I love writing about little house plans, or residential architecture in general. Yet it takes some research, on my part, to find new home designs, links to great sites, and then time for me to organize my thoughts into legible paragraphs. I keep thinking that I’ll set aside one day a week for house plan posts, but with my limited amount of time, this isn’t going to happen any time soon.
But with that being said, I did find time this week to research some ecofriendly house designs that I thought were interesting.
- Circular home designs – Deltec Homes: I’ve never been a big fan of octagonal or circular homes. I just didn’t understand the purpose to them. However, I found the Deltec site that explains it. In so many words, the point of them being there are no “load-bearing” interior walls allowing for just about any floor plan layout. Their roof acts as the supporting beams, so the modifications to the interior are endless. I can see this being a huge factor if one wants a very open floor plan. The only drawback I see to circular homes is that many of the walls are curved. This would drive me crazy placing furniture against them.
- Passive Solar Designs – The Plan Collection: Passive solar is a up and coming word these days. Basically, if you design the house with enough light and windows pointing in just the right direction, you can heat your house naturally. This would save money on your gas bill during the fall and winter months. Though, I would worry about the summer months in warmer regions, like say, Arizona! You don’t want your house acting as a sauna.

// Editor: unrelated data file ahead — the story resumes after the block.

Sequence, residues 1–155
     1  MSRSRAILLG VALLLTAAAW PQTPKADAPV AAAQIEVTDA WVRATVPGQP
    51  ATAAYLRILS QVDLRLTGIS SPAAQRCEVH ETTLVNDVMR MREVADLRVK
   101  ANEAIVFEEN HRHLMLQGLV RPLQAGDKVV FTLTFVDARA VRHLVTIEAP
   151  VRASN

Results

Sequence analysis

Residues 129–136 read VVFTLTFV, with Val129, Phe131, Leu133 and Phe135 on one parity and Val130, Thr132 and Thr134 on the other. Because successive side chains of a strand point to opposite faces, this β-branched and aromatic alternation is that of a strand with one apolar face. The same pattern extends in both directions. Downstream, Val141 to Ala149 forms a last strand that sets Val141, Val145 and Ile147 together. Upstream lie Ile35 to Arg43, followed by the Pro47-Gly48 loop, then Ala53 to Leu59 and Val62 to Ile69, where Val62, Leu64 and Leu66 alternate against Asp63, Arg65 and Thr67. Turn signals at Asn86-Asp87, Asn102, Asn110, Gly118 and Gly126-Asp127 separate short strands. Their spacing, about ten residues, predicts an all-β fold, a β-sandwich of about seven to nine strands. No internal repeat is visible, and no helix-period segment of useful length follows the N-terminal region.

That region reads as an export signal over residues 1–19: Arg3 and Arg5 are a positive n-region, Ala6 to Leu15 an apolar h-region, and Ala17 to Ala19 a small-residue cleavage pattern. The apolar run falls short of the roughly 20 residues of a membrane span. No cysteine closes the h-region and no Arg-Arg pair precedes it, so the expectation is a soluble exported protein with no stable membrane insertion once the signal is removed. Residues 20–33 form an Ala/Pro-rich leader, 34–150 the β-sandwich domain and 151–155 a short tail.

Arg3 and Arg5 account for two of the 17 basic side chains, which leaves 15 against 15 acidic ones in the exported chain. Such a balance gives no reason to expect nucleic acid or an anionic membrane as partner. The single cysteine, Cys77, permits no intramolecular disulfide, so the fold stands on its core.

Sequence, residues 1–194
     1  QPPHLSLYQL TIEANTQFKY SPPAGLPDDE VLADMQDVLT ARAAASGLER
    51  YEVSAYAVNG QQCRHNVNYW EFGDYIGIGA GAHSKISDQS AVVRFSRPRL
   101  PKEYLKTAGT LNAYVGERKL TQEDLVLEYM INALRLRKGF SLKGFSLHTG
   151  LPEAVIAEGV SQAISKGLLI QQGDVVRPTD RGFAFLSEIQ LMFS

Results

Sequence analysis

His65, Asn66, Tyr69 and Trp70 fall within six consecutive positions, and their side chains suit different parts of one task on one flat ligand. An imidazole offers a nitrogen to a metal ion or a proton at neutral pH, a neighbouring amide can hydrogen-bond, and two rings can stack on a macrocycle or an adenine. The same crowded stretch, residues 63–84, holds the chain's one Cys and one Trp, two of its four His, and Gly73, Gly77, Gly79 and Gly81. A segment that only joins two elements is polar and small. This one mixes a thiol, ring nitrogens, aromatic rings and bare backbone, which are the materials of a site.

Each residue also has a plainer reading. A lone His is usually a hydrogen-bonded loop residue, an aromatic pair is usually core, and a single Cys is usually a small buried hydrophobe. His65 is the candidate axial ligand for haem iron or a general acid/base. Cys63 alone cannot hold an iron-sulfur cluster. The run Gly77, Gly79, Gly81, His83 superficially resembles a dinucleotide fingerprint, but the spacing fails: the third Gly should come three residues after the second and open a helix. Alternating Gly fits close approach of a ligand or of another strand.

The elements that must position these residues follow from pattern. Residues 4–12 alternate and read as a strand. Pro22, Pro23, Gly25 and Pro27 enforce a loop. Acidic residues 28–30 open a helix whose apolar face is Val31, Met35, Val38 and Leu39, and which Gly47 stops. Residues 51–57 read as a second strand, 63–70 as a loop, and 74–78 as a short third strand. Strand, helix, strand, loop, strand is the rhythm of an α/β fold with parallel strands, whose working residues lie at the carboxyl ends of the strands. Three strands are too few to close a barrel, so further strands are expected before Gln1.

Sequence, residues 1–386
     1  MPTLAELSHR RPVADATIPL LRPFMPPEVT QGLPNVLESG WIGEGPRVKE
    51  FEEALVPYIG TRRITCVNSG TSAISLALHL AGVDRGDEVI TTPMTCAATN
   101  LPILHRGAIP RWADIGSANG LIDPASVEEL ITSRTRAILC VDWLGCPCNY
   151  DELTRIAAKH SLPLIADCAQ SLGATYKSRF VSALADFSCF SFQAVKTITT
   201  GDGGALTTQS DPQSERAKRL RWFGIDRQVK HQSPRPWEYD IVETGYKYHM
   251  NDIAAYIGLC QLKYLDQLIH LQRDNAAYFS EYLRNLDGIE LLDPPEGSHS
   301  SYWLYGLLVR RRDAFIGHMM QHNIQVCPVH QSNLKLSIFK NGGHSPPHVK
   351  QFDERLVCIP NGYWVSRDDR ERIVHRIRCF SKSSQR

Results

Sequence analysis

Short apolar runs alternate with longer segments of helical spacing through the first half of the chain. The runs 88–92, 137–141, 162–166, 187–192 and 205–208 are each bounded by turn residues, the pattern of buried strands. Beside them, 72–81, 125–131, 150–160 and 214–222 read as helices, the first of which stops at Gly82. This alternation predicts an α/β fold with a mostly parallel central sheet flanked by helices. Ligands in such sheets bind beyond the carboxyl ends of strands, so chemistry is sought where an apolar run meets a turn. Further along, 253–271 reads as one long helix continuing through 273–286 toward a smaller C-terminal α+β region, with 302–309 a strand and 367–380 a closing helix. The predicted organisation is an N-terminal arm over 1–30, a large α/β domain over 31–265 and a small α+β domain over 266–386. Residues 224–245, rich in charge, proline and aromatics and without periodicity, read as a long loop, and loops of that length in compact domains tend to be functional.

- More Passive Solar Designs – SunTerra: I like the fact that SunTerra explains the point of a passive solar home and includes the importance of overhangs for shade. They also calculate how much money could be saved on heating a house passively, approximately 1/3 overall. Their home plans include explanations of how each home’s architecture reinforces green building ideas such as a zero energy home and an earth sheltered home. I also learned the purpose of a flatter pitched roof: it decreases the interior volume improving the energy efficiency.
As a more critical consumer, many house plan sites I come across boast about “green building.” But to put things in perspective, green building really boils down to being resource efficient. The more recycled materials, the less stress is put upon the environment. My all time favorite home builders is Phoenix Commotion: taking one persons junk and turning it into another person’s treasure.